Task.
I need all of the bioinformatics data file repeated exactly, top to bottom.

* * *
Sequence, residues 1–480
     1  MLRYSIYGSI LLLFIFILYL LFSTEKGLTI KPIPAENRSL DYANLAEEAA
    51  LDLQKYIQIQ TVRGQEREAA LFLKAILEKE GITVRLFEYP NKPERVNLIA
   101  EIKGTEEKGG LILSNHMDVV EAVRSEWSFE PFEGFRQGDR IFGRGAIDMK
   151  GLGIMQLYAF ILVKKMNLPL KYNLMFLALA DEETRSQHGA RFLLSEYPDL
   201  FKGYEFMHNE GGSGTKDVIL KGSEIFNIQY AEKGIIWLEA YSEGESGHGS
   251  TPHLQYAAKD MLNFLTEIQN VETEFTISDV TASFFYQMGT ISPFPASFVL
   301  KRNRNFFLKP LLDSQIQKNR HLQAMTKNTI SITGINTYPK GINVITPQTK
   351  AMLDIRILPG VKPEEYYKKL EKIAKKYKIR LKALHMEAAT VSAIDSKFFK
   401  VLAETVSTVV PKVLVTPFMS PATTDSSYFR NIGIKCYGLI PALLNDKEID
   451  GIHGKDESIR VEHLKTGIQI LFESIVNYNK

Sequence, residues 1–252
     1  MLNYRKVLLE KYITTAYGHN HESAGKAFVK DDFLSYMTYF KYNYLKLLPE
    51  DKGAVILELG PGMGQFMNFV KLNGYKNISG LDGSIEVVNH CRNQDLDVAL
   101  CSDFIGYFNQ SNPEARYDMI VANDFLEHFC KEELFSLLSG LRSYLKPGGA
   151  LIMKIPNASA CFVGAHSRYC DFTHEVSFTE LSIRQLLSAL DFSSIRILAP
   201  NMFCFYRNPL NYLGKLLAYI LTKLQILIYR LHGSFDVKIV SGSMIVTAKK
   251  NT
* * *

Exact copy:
Sequence, residues 1–480
     1  MLRYSIYGSI LLLFIFILYL LFSTEKGLTI KPIPAENRSL DYANLAEEAA
    51  LDLQKYIQIQ TVRGQEREAA LFLKAILEKE GITVRLFEYP NKPERVNLIA
   101  EIKGTEEKGG LILSNHMDVV EAVRSEWSFE PFEGFRQGDR IFGRGAIDMK
   151  GLGIMQLYAF ILVKKMNLPL KYNLMFLALA DEETRSQHGA RFLLSEYPDL
   201  FKGYEFMHNE GGSGTKDVIL KGSEIFNIQY AEKGIIWLEA YSEGESGHGS
   251  TPHLQYAAKD MLNFLTEIQN VETEFTISDV TASFFYQMGT ISPFPASFVL
   301  KRNRNFFLKP LLDSQIQKNR HLQAMTKNTI SITGINTYPK GINVITPQTK
   351  AMLDIRILPG VKPEEYYKKL EKIAKKYKIR LKALHMEAAT VSAIDSKFFK
   401  VLAETVSTVV PKVLVTPFMS PATTDSSYFR NIGIKCYGLI PALLNDKEID
   451  GIHGKDESIR VEHLKTGIQI LFESIVNYNK

Sequence, residues 1–252
     1  MLNYRKVLLE KYITTAYGHN HESAGKAFVK DDFLSYMTYF KYNYLKLLPE
    51  DKGAVILELG PGMGQFMNFV KLNGYKNISG LDGSIEVVNH CRNQDLDVAL
   101  CSDFIGYFNQ SNPEARYDMI VANDFLEHFC KEELFSLLSG LRSYLKPGGA
   151  LIMKIPNASA CFVGAHSRYC DFTHEVSFTE LSIRQLLSAL DFSSIRILAP
   201  NMFCFYRNPL NYLGKLLAYI LTKLQILIYR LHGSFDVKIV SGSMIVTAKK
   251  NT